Keep Brown Spots from Dog Urine Off Your Lawn
Having dogs can be extremely hard on a yard. Sure, they love to play — but their urine and feces can leave ugly, brown and yellow dead spots in your yard, especially if they frequent the same areas. Over time, your pet’s waste causes grass to eventually die, and it is extremely hard to grow back to health because the pH balance of the soil has forever changed. If you want to make sure your lawn remains uniformly green and vibrant without having to hinder the bathroom habits of your pet, there are several things you can do.
Build a Dog Run
One of the easiest ways to protect your lawn from ugly brown spots is to build your dog a special space in which to stay: an enclosed dog run. Dog runs can be made with concrete or artificial turf, both of which are resilient against their frequent waste. Those made with artificial turf allow your pet to run and play on a surface much like natural grass. They can lay down in comfort, and can remain in the dog run for several hours if there is a form of shelter inside. You can give your pet the time they need to run, play and exercise without worrying about your lawn.
Another way to avoid unsightly dead areas on your grass is to be vigilant in rinsing any area where your pet chooses to relieve themselves. Some pets may not ever seem to go in the same place twice, while others have favorite areas they use every time they go outside. If they go in a multitude of places, rinsing the area may not be necessary. If they choose to repeatedly go back to the same spots, it’s a good idea to thoroughly water the area every few days in an effort to reduce the levels of acids and salts left behind after urine evaporates. If they are left to build up, they will not only discolor the grass, but eventually kill it and leave behind ugly bare spots.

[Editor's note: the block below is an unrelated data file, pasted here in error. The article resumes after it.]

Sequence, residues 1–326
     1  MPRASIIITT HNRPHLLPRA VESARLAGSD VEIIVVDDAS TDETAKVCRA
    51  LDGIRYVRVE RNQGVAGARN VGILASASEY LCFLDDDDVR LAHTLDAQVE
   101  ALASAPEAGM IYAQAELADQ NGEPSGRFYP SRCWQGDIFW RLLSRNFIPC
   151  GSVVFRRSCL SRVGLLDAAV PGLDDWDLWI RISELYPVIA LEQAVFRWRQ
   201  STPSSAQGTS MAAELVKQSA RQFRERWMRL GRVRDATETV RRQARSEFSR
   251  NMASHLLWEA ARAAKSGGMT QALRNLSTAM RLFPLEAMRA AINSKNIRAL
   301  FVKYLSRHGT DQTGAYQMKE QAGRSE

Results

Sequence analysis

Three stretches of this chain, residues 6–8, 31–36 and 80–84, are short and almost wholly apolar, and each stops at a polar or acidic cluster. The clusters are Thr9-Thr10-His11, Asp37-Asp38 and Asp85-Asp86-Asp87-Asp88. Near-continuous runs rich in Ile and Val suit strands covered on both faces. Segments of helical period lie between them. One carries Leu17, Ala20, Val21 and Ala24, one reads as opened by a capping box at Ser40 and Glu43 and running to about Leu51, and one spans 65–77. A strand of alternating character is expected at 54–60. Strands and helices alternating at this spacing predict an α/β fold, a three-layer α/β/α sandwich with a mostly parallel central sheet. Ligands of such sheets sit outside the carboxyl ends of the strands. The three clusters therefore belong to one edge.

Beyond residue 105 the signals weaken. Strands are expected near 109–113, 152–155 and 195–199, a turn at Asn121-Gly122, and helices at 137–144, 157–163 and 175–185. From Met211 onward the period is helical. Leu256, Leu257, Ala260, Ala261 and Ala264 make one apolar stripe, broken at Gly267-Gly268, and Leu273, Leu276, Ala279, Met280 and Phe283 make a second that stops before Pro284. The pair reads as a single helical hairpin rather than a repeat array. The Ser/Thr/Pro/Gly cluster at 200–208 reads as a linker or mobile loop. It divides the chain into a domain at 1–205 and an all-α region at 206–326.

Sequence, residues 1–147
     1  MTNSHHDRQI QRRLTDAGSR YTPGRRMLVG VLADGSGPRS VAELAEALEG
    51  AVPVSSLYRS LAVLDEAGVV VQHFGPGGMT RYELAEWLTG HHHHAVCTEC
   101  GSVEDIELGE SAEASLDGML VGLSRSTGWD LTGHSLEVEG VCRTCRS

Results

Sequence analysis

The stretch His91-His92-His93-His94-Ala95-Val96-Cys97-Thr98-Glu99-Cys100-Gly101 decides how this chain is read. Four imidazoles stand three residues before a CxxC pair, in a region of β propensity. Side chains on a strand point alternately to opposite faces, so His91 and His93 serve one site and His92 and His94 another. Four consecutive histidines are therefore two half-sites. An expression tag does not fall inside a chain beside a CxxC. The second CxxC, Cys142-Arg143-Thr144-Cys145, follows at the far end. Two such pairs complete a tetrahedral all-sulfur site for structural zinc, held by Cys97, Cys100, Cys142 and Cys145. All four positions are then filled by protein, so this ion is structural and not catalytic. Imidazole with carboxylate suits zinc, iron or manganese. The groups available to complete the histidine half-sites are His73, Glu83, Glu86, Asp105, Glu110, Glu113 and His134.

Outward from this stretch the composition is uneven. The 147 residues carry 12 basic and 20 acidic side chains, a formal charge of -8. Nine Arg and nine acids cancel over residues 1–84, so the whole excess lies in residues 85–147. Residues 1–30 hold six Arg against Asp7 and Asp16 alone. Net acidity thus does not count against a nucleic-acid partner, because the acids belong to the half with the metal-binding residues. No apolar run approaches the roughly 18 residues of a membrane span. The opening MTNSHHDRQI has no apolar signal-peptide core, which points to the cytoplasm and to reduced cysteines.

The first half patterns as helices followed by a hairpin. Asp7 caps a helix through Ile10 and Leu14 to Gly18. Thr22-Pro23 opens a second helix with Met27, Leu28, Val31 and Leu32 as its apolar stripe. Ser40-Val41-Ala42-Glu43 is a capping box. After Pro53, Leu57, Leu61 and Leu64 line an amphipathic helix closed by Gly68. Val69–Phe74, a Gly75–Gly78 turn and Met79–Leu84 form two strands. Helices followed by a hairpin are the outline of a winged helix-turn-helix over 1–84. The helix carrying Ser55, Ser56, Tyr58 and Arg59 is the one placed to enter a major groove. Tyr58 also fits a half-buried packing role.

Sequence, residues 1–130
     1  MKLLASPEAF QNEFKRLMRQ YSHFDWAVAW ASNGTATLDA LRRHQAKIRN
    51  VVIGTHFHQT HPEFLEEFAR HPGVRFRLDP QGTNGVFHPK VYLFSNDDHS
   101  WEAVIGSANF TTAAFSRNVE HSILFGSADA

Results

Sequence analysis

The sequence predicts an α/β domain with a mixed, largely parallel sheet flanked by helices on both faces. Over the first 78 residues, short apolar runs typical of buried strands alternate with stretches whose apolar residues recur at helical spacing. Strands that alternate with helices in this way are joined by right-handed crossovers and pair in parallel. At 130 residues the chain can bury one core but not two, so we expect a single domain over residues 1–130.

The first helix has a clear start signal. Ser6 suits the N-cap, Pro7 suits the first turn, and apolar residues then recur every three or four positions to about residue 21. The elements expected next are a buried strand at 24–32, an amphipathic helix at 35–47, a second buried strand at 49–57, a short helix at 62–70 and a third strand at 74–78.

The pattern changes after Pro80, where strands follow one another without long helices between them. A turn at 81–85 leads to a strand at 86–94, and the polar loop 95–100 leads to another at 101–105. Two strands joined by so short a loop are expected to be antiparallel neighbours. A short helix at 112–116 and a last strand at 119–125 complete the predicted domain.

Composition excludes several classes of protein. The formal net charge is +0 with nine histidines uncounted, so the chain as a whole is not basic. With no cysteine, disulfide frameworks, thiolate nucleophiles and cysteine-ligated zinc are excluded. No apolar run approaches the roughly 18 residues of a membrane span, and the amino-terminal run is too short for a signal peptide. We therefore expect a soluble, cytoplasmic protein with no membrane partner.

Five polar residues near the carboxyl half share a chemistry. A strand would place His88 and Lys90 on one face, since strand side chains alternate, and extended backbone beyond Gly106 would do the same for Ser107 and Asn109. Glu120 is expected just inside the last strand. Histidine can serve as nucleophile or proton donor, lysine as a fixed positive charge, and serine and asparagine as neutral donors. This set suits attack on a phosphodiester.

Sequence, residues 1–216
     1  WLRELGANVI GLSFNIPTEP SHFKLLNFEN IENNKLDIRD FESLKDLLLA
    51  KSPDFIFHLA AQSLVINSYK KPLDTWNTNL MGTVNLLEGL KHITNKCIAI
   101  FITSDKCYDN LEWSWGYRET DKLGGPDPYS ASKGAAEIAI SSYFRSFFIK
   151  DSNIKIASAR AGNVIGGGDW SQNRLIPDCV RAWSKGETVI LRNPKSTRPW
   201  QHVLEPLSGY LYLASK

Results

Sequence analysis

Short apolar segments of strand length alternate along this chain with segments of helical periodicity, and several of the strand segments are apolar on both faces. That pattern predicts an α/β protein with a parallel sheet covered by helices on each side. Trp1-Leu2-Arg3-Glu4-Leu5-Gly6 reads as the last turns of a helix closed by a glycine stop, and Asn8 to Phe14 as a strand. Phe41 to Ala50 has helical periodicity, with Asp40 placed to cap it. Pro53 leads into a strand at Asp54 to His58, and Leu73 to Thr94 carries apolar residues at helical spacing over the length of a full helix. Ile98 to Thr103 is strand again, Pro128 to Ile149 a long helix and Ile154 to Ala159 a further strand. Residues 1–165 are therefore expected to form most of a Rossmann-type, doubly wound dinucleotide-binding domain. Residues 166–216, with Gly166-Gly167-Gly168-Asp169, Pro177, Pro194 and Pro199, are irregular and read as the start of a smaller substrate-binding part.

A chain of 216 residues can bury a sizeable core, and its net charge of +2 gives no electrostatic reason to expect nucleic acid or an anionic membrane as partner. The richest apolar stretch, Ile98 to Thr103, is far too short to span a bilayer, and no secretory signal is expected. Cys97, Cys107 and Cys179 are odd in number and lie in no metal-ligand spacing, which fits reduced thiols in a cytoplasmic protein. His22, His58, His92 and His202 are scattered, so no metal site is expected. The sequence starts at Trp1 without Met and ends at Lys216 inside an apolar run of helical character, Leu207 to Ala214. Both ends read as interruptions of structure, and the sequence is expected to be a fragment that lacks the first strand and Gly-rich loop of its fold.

Walk Your Dogs
Dogs that are kept inside need to be walked on a regular basis. Leashing them up and heading out into the neighborhood will offer more than exercise — it will also prevent them from using the same place in your yard to relieve themselves. Taking your animals on walks away from your property will prevent them from soiling your lawn. Of course, you will always need to make sure to retrieve any droppings they leave behind while you are out on your walk.
You can also choose to head to a local dog park or other outdoor area where you don’t have to worry about where your pet urinates. The only thing you’ll need to keep in mind is that any feces must be picked up and removed. Many animal parks even offer plastic bags and receptacles if you run out, or forgot to bring your own.
Choose Artificial Turf
If you have a small yard and can afford the additional expense, replacing a natural grass lawn with artificial turf can solve your pet potty woes. The total cost of the turf may seem expensive when first considering installation, but when divided up over the lifespan of your new artificial lawn, the cost is reasonable. You will also spend less money on lawn upkeep with no need to mow, trim, or water your grass. Artificial turf requires virtually no maintenance, so you can skip all of the time you spend caring for a natural grass lawn. One of the biggest advantages for those who live in dry areas is there is no need to water the lawn, especially if you live in an area where drought restrictions do not allow it.